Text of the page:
Why I thought that now was a good time for this interview
Two words: McCoy Park. I recall skiing past this oddly wide-open and empty bowl, perched atop the mountain like some snowy pit-mine, years ago and wondering what was going on in there. The trailmap explained. For a long time, it was a Nordic and snowshoeing center. But this year, Beaver Creek finally finished a long-planned project to drop a new beginner center into the bowl. Two lifts and a clutch of blues and greens, some ungroomed, a contained adventure center for the graduated-from-the-carpet set that’s craving top-of-the-mountain adventure without the whooshing crowds or oops-I-just-skied-into-a-mogul-field regrets. Reviews have been solid.
There’s one more thing: Vail has quietly built a very deep roster of women mountain leaders. Four of the company’s five Colorado resorts, and eight of its 40*, are led by women. Women hold approximately 45 percent of Vail’s corporate leadership roles, and half of its 10 board of directors members are women. Also, according to a Vail spokeswoman, CEO Kirsten Lynch is the only female CEO among travel and leisure companies listed on the 2021 Fortune 100 list.
These gender-diversity efforts are, Vail Resorts’ Director of Corporate Communications Jamie Alvarez told me, “intentional and explicit. The ski industry has traditionally been male-dominated, particularly in senior leadership roles. As a company, Vail Resorts has prioritized creating an environment that encourages and enables growth opportunities for women at all levels of the company. This isn’t just in corporate, but also throughout our operations. We are proud of our industry-leading accomplishments and are committed to continuing to accelerate women at our company and in our industry.”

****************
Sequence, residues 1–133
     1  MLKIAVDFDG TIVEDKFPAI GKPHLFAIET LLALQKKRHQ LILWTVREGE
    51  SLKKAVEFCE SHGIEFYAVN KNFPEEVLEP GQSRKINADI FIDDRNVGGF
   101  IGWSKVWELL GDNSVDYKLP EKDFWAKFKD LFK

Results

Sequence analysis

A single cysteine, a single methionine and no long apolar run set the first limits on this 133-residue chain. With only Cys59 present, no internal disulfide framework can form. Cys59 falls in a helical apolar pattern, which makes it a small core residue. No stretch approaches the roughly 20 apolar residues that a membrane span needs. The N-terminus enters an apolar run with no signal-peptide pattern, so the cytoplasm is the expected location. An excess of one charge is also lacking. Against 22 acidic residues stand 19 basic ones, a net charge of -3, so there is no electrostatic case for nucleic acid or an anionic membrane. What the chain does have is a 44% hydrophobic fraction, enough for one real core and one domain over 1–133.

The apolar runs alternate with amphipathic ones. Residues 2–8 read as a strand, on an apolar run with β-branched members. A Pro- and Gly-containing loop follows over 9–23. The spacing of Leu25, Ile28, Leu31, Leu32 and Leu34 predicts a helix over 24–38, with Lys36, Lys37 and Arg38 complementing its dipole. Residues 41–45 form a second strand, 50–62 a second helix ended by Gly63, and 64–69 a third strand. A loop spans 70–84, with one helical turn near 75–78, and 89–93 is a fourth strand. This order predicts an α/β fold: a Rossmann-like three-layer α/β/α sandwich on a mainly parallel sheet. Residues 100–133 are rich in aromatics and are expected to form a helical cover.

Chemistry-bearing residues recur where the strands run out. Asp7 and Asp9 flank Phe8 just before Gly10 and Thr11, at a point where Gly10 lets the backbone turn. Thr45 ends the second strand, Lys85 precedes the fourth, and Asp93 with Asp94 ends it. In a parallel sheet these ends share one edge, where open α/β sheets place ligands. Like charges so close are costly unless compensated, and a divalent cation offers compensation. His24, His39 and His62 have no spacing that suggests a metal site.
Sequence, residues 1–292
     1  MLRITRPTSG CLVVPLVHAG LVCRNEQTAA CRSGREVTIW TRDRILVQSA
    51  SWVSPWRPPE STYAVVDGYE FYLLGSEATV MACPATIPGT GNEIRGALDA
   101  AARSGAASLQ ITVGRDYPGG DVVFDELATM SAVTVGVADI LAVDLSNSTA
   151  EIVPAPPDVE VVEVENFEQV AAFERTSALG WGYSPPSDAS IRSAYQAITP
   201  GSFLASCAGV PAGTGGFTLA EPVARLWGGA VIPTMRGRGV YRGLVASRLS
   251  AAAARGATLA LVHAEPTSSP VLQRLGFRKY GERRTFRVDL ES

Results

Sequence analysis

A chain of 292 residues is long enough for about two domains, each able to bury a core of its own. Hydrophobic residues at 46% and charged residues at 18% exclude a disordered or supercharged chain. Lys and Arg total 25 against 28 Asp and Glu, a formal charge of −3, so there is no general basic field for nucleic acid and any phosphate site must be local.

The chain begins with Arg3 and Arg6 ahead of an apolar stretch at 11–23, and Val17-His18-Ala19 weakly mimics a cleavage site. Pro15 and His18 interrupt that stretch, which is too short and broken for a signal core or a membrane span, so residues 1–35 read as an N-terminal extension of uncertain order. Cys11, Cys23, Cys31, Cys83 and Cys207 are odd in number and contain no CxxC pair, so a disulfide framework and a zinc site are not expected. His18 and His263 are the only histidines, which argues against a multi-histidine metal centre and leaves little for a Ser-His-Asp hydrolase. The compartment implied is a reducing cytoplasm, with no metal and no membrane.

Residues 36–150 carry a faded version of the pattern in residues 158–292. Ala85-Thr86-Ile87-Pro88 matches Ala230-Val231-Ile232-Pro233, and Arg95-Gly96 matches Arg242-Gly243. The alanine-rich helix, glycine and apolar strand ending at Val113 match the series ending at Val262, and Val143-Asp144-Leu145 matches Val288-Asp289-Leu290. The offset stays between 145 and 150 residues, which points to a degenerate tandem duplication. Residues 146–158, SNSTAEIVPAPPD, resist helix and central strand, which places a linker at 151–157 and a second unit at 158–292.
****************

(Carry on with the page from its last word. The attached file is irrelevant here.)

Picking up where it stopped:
They should be.
*The eight current women heads of Vail Resorts are: Jody Churich at Breckenridge, Nadia Guerriero at Beaver Creek, Beth Howard at Vail, Tara Schoedinger at Crested Butte, Dierdra Walsh at Northstar, Belinda Trembath at Perisher, Sue Donnelly at Crotched, and Robin Kisiel at Whitetail. Vail recently promoted Mount Snow GM Tracy Bartels to VP of mountain planning, projects, and maintenance, overseeing maintenance and mountain-planning efforts across the portfolio.
Questions I wish I’d asked
I’ve always found it interesting that Alterra chose to leave Deer Valley off the unlimited tier of the Ikon Pass, while Vail granted unlimited Beaver Creek access on its comparatively cheap Epic Pass (Deer Valley’s season pass is $2,675). Both ski areas have similar philosophies around grooming, on-mountain food, and delivering a high-end experience. My guess is that this model works at Beaver Creek because it’s just a little bit harder to get to, while you can fall off your patio in Salt Lake City and end up at the top of Deer Valley’s Empire Express. Since Alterra just limited Deer Valley access even more, yanking it off the Ikon Base Pass, I’m guessing they’re fairly committed to that model, but it’s still an interesting contrast that I’d like to explore more at some point.